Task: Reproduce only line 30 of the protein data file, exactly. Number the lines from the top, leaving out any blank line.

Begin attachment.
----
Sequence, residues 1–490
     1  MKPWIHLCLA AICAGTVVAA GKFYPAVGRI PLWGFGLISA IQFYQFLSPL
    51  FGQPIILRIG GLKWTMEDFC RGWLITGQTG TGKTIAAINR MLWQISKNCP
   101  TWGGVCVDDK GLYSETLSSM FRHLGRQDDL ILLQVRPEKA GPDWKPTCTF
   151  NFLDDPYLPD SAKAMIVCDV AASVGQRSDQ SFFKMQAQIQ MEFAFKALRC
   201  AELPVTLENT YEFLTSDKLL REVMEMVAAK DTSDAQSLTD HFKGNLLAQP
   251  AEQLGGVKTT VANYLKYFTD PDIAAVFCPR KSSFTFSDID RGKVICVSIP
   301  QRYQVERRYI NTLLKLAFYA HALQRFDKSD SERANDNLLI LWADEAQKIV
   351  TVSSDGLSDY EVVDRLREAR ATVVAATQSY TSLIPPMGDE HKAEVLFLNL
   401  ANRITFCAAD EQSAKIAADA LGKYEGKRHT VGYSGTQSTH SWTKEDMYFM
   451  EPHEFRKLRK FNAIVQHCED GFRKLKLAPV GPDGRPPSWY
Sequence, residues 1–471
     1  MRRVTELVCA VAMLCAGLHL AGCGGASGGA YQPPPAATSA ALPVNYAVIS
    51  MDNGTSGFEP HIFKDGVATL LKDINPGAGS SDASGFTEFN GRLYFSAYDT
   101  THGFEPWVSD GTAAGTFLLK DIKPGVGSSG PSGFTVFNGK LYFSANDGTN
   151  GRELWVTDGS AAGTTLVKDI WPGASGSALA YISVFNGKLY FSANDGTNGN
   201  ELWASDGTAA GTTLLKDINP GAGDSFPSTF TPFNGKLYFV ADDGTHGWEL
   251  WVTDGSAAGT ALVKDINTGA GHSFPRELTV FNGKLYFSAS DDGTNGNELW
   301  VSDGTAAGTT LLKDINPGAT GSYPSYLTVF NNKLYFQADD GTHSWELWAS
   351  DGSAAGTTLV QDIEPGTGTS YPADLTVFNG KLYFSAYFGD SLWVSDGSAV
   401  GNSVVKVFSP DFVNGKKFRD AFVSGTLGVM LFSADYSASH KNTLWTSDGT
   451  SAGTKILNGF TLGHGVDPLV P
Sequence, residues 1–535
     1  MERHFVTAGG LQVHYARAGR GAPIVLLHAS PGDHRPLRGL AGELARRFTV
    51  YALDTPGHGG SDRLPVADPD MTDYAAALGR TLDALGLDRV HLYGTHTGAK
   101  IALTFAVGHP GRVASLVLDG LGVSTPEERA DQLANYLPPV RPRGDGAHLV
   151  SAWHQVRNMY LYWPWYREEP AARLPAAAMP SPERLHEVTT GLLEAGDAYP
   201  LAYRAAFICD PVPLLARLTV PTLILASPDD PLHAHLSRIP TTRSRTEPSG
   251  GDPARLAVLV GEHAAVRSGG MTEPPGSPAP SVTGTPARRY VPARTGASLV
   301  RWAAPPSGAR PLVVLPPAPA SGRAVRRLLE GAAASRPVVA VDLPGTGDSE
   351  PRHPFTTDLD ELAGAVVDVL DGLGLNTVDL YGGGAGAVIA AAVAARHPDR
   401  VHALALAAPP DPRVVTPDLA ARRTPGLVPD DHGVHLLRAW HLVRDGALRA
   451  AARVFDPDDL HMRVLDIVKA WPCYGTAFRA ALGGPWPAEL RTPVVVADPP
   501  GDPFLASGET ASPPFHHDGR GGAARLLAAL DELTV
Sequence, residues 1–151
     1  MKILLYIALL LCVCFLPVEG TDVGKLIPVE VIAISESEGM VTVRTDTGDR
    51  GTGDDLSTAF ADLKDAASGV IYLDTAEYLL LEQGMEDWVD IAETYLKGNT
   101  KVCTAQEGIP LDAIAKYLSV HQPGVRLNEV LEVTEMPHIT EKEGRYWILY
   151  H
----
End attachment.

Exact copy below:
   301  RWAAPPSGAR PLVVLPPAPA SGRAVRRLLE GAAASRPVVA VDLPGTGDSE